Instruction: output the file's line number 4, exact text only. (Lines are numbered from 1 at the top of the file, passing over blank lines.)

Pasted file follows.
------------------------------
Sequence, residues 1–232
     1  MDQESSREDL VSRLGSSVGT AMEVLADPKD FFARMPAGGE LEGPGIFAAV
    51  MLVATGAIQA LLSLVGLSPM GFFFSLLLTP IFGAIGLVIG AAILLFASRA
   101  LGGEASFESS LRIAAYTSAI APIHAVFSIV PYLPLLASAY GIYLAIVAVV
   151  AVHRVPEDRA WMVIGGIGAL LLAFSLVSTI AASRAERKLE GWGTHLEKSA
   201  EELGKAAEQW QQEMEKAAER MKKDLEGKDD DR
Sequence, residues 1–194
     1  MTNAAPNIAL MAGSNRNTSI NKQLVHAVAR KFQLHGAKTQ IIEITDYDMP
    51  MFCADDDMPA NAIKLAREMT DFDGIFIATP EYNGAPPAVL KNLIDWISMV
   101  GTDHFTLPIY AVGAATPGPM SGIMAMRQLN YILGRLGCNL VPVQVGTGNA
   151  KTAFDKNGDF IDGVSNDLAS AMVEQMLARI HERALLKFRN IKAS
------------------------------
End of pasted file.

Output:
   101  LGGEASFESS LRIAAYTSAI APIHAVFSIV PYLPLLASAY GIYLAIVAVV